Unlike international stock funds, global equity funds can invest in the U.S. markets, which can often provide them with protection from the volatility and uncertainty of foreign economies. While U.S. stocks tend to represent a significant portion of any global stock fund, many are widely diversified, and have made forays into the blossoming emerging markets.
Among the top longer-term performers in the sector, the $1.7 billion Vanguard Global Equity Fund (VHGEX) had about 43% of its assets invested in North American stocks as of March 31, 2005, with another 27% in Europe, 18.2% in the Pacific Rim, and 11% in emerging markets. Despite holding well over 450 positions, the portfolio adheres to Vanguard’s well-known practice of modest trading: annual turnover is only 20%.
Since late 2004, Vanguard Global Equity has employed a multimanager structure comprising London-based Marathon Asset Management LLP, which has managed the fund since its 1995 inception, and Boston-based Acadian Asset Management Inc.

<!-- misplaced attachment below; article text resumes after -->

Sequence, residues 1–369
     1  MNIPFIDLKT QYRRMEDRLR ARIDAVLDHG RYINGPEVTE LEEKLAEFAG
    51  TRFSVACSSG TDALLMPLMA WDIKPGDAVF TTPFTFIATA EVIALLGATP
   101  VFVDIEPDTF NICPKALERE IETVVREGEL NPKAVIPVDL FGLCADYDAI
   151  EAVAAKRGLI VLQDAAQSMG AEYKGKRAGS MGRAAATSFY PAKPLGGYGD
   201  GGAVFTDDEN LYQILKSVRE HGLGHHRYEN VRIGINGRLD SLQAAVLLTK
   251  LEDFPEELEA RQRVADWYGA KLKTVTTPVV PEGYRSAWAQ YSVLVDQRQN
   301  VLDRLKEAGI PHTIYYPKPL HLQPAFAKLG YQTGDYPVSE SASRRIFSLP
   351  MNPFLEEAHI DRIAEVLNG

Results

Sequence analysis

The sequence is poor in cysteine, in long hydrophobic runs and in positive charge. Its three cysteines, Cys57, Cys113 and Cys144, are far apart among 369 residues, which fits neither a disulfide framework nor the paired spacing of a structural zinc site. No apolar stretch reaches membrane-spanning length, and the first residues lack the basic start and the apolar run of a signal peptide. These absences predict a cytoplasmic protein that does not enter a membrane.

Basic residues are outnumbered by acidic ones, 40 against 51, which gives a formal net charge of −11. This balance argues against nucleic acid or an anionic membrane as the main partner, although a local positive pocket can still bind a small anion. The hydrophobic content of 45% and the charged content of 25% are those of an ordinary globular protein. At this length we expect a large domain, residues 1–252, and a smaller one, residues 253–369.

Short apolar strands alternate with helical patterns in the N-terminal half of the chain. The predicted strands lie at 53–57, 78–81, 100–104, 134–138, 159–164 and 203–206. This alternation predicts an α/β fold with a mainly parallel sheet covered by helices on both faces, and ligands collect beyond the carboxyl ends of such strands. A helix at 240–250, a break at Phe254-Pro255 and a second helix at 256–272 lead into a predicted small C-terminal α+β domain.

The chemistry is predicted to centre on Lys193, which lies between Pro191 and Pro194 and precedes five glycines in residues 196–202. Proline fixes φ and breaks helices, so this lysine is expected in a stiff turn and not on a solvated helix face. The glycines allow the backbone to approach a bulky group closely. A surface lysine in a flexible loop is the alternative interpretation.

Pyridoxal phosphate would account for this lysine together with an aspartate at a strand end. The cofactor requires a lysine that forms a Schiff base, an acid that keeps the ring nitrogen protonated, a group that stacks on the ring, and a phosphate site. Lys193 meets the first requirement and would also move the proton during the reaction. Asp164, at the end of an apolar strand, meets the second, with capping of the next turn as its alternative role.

Another top long-term global equity fund, the $196 million Polaris Global Value Fund (PGVFX), has recently reaped the benefits of investing in oil- and basic materials-producing nations like Norway, Canada, and Australia. Manager Bernard Horn maintains a “pure value” investment approach, with a particular emphasis on stocks with “undervalued streams of sustainable cash flow.”
Horn and his team screen more than 20,000 companies from 40 countries and whittle them down to create a portfolio of between 50 and 100 stocks, which initially are equally weighted in the fund. With a three- to five-year time horizon, the fund typically has modest turnover.
As of March 31, the Polaris fund had almost half its assets invested in either U.S. or U.K. stocks. Financials and consumer discretionary holdings represented the top two sectors, or about 40% of the total portfolio.–Palash R. Ghosh